During a 1999-videotaped interview, Mr. Klipsch claimed that he did not, in fact, name the Klipschorn himself. He said that he made a sales call to a man in New York City during the first years of operating Klipsch & Associates and, surprisingly, the business prospect already knew about the revolutionary new loudspeaker. "We've heard all about your corner horn," the man said. "We call it the Klipschorn."
The eccentric touch and no-compromise spirit of Paul W. Klipsch has indeed become part of the consumer electronics industry, the practice of engineering, and acoustic research itself. For example, Mr. Klipsch related that when he was developing a smaller speaker for use between two Klipschhorns, an acquaintance declared that he couldn't possibly introduce it to the public because it was in direct violation of Mr. Klipsch's own corner horn principles, and amounted to acoustic heresy. "The hell I can't," Mr. Klipsch said. "And that's exactly what I'm going to call it!" A year later the Klipsch Heresy loudspeaker was introduced and, ironically, it became a bestseller in the church sound reinforcement market.
Many of the outrageous, but absolutely true stories of the eccentricities of Paul W. Klipsch were captured by author Jim Shahin in a 1989 interview for American Way Magazine.
“The official company motto is immodest: ‘A Legend in Sound.’ The unofficial one, directed at competing manufacturers who make what Paul Klipsch considers outlandish claims, is blunt: ‘Bullsh*t.’ The word is printed on plastic yellow lapel buttons that Klipsch hands out at trade shows.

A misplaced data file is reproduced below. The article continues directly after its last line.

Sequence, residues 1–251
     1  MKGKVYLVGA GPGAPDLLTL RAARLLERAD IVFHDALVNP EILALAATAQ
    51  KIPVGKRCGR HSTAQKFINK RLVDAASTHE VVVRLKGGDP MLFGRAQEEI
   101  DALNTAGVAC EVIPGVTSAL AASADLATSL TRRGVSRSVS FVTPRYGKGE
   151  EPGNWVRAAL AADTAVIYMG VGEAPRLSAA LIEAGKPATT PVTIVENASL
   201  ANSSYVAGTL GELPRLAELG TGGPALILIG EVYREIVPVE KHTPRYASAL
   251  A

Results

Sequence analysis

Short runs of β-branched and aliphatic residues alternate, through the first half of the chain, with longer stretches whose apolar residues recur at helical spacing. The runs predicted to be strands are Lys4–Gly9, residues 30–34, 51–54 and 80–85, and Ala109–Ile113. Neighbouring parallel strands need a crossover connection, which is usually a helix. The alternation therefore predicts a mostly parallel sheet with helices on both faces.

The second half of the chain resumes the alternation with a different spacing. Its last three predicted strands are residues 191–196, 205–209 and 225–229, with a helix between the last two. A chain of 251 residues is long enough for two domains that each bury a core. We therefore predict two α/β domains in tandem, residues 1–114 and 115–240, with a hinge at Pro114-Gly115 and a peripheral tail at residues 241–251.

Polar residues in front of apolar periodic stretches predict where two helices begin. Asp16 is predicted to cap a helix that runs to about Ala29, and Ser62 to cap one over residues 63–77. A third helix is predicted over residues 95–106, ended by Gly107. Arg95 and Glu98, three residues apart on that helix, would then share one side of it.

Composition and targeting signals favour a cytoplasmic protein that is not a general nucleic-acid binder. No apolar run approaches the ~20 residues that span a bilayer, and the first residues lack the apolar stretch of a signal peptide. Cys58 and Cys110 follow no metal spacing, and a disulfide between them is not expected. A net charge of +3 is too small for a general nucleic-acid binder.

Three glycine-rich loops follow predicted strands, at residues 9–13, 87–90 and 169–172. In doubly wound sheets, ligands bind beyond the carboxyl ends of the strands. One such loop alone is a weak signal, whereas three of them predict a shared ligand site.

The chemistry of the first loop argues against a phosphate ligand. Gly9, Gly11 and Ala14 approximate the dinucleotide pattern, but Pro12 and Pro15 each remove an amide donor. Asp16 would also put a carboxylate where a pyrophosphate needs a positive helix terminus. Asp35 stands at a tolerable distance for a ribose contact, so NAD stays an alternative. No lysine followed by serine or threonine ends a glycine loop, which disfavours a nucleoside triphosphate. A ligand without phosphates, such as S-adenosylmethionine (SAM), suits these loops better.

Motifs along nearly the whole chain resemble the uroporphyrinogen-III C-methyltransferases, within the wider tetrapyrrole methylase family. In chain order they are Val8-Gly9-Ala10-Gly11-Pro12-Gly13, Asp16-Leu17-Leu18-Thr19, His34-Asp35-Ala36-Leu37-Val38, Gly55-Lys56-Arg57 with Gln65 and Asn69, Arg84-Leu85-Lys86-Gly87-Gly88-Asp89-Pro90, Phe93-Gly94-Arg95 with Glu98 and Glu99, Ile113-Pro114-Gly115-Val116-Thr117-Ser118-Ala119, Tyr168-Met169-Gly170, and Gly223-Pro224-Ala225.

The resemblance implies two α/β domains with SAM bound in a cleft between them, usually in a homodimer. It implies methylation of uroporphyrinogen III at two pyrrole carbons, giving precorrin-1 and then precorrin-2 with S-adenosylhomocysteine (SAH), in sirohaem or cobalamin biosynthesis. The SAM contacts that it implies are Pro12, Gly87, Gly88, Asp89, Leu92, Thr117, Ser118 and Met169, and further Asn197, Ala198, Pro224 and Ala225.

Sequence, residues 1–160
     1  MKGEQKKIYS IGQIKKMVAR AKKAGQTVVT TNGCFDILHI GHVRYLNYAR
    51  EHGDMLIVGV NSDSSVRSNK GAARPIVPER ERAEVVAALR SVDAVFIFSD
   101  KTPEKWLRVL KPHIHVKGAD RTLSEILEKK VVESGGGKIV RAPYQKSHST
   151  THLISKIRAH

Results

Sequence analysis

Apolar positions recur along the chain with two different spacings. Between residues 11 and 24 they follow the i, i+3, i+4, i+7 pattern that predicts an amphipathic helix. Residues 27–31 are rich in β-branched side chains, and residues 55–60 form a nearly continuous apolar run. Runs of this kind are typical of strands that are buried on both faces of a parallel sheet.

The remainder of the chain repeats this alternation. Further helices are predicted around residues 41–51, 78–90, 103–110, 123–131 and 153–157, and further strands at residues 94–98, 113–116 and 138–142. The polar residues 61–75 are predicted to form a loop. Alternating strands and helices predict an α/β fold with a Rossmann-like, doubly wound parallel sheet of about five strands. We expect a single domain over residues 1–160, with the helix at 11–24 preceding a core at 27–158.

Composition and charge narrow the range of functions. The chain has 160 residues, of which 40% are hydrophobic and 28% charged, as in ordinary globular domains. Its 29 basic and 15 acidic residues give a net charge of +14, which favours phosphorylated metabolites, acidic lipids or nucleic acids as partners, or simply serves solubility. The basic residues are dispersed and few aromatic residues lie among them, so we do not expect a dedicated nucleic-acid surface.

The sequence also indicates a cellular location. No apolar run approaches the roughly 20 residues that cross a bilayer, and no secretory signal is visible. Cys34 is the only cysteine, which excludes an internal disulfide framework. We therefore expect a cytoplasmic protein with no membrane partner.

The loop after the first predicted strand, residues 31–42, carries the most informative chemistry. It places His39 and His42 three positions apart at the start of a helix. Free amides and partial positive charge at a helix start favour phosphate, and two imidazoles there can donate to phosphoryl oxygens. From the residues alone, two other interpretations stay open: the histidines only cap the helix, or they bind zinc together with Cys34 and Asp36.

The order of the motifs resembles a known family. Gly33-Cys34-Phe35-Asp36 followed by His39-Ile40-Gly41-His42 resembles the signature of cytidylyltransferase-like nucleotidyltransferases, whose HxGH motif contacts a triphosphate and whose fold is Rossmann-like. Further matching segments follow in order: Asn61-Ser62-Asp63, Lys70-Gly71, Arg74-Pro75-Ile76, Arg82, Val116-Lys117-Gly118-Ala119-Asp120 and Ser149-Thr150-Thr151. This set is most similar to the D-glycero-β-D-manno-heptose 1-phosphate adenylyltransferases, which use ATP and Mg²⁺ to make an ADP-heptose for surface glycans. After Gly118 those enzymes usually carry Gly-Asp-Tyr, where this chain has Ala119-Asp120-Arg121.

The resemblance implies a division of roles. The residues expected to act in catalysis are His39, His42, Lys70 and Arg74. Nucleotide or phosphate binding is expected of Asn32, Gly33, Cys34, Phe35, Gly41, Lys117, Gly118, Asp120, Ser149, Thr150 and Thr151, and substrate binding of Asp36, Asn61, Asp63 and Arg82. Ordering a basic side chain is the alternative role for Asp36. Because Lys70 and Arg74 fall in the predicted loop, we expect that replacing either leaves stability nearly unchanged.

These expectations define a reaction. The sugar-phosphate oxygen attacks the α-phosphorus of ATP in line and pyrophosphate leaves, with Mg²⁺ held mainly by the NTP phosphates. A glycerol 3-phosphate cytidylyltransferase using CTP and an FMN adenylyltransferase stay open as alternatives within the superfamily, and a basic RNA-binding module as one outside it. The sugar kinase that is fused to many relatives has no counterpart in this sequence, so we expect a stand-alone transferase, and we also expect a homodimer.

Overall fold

“Such is the behavior of the much-storied Klipsch. Exasperated ministers tell of his taking notes during sermons so as to better take issue with them after the service. (On one occasion he is reported to have commented to a cleric by opening one side of his coat to reveal the word Bull and the other to reveal - yep, you guessed it.) Parishioners remember his walking over pews to get out of church.
“A Little Rock audio retailer relates with astonishment that Klipsch drilled a hole through the top of his Mercedes dash board – ‘A Mercedes,’ gasps the retailer - to install a gauge of some sort.
“Klipsch co-workers tell and retell the famous story of Klipsch stripping down to his skivvies and turning up the temperature in his office to broiling so that he could dissect a calculator to discover why its manufacturer said it wouldn't work in extreme temperatures. (Klipsch, incidentally, found the answer and wrote the company's president to tell him how to fix the problem.)
“There is the tale of his contorting his airplane into positions that terrified those watching from the ground; when asked what he was doing up there, he replied that he wanted to find out what would happen if he put the plane in stall position with the engine on.
“He is said to wear several watches simultaneously. Acquaintances are curious about the scribblings and graphs he keeps in a brown leather notepad that juts out of his back pocket. And everyone warns visitors against riding in his car. ‘If he gets an idea while he's at the wheel,’ explains one of his friends, ‘well, he just seems to forget about the road.’"
In addition to the Klipschorn and Heresy, the Klipsch Rebel, Shorthorn, Cornwall, La Scala, and Belle Klipsch are among the most well known loudspeakers developed by Paul W. Klipsch. Many of these models, which are regarded as some of the world's finest, are still manufactured and sold around the world today.
The Klipschorn is the only speaker in the world that has been in continuous production, relatively unchanged, for over 60 years.